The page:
Malvertising campaign found on Google Adwords

Google's advertising service vulnerable to cyber-crooks

Malvertising campaign found on Google Adwords
Malvertising campaign found on Google Adwords

Google's popular advertising service, Google Adwords, has recently been declared to be vulnerable to malvertising.

Internet security company Malwarebytes, released a statement a few days ago with a warning of this new malvertising campaign. “Many times these rogue advertisers will abuse legitimate brands to trick people and provide services on behalf of these companies,” read Malwarebytes' warning.

By bidding on popular keywords, through Google Adwords, cyber-crooks can hijack the brand name of a popular company and divert users looking for, for example ‘youtube', to their fake youtube link found at the top of the page as Adwords ads do.  

But users who are so unlucky, or gullible, as to click on the dud-link will be faced with the infamous BSOD, or Blue Screen of Death. The web page presents the user with a page presenting a BSOD  - real BSODs do not come in webpage form. Real BSODs also do not present users with a helpline to call, on the other end of which are scammers urging their victims to spend money on fixes.

Jerome Segura, senior security researcher at Malwarebytes spoke to SCmagazineUK.com on why malvertising was popular: "Malvertising allows you to reach a large audience on top sites that would be very hard to hack directly.” Moreover, Segura added that, simply, malvertising is cheap, "given that only the ads that are displayed to potential victims are actually paid for, via Real Time Bidding (RTB). We've seen CPM (cost per thousand impressions) as low as 30 cents.”

Malwarebytes discovered these scams originated from a couple of domains at the 166.62.28.107 IP address, which traces their location to Scottsdale, Arizona, hosted by GoDaddy.com. Todd Redfoot, the internet company's CISO responded to SC, saying: “We take Internet security very seriously," but that, "we had not received a complaint regarding the domain names or websites in question. We are now conducting an investigation and will take appropriate action, as necessary.”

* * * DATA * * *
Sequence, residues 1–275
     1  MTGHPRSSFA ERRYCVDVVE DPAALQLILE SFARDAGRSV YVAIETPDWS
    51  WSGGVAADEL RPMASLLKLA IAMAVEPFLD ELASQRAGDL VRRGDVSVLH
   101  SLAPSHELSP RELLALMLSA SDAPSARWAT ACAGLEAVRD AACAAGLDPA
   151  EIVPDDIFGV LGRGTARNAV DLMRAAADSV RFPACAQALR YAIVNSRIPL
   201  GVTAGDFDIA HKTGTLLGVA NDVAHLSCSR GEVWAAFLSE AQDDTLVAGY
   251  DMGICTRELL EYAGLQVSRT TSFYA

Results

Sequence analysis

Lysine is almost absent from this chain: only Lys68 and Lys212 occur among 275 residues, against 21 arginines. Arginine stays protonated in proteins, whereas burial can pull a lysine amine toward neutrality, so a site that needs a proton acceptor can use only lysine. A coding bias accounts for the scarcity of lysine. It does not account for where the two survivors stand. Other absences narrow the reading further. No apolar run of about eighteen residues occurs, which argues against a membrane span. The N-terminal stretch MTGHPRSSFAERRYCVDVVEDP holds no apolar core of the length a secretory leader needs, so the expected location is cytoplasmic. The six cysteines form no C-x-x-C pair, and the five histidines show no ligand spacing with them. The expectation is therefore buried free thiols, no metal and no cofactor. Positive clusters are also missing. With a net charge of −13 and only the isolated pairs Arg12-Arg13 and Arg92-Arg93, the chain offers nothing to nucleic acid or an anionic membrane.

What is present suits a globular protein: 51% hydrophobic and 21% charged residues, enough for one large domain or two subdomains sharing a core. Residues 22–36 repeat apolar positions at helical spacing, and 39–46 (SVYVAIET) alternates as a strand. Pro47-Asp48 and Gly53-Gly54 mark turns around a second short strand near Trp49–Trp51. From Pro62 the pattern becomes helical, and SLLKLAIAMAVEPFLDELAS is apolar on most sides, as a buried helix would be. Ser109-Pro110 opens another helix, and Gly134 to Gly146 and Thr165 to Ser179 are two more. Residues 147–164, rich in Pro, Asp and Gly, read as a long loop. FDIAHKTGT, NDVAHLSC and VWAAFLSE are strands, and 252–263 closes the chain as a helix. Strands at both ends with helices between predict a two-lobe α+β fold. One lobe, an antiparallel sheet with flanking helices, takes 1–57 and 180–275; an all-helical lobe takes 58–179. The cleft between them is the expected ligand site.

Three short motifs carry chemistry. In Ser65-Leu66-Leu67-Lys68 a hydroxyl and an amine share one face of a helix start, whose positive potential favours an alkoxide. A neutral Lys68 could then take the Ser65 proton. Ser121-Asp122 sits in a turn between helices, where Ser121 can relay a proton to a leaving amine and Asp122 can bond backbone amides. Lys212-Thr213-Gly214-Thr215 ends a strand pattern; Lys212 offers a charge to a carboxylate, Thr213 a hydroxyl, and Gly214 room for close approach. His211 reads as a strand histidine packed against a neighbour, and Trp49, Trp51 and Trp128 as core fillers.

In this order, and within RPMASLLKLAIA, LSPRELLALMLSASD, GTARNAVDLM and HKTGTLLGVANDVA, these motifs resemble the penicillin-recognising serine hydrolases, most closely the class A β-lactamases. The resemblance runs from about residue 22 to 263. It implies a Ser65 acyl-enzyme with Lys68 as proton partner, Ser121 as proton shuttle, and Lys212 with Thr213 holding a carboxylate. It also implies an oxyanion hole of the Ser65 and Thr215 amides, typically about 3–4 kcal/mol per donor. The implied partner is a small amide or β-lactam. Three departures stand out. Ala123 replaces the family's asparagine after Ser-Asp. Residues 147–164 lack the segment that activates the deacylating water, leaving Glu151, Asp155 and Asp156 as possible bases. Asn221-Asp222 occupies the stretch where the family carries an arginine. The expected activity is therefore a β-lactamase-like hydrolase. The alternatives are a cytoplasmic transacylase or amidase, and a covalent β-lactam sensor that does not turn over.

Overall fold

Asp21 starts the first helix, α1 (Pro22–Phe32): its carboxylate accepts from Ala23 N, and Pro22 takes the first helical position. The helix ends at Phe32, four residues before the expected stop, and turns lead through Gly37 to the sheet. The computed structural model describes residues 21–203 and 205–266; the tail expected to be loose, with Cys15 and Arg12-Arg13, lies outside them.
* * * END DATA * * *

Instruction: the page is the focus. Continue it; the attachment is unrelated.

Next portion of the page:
This particular kind of malvertising tactic has already been reported on by Softpedia, a tech news outlet, when they discovered a similar case involving KickAss Torrent users.

There are more than a million businesses currently using Google advertising; about 95 percent of Google's revenue comes from advertising and it takes up over 30 percent of all online advertising revenue. There's a great deal of scope for this malvertising campaign and what is more is that, a troubling number of those million businesses currently using Google advertising could in fact be those fraudulent malvertising businesses.

Adwords, the internet's largest advertising services work by allowing individuals and business to advertise their copy, based on the user's keyword search. Certain keywords are particularly popular so Adwords uses a bidding system, charging more for the most popular search terms that would gain more visibility. Advertisers pay out when their ads are more successful, garnering more ‘click-throughs' from users who decide on their ads as opposed to other results. Advertisers can also delimit where their ads are seen by excluding IP addresses.

Google spoke to SC on their response to these Adwords scams: “We've allocated substantial resources to stopping bad advertising practices and protecting users on the web.” said the company spokesperson. “Hundreds of our engineers, policy experts and others have dedicated their careers to this work. To protect the safety and security of our users, we stop all ads pointing to sites where we find malware - whether it's spyware, adware or other types of malicious software - and removed 250,000 sites from our network for hiding forms of malware.”

For users, Segura offered some advice on how to avoid these kinds of scams: "Unfortunately, even with the security screenings in place, there will always be a gap that bad actors will try to exploit." But, Segura added, "to protect yourself you need to have the right elements in place, which I like to call the 3As -- namely anti-exploit, anti-virus and anti-malware. It's about proactive and reactive defences combined altogether."

Sign up to our newsletters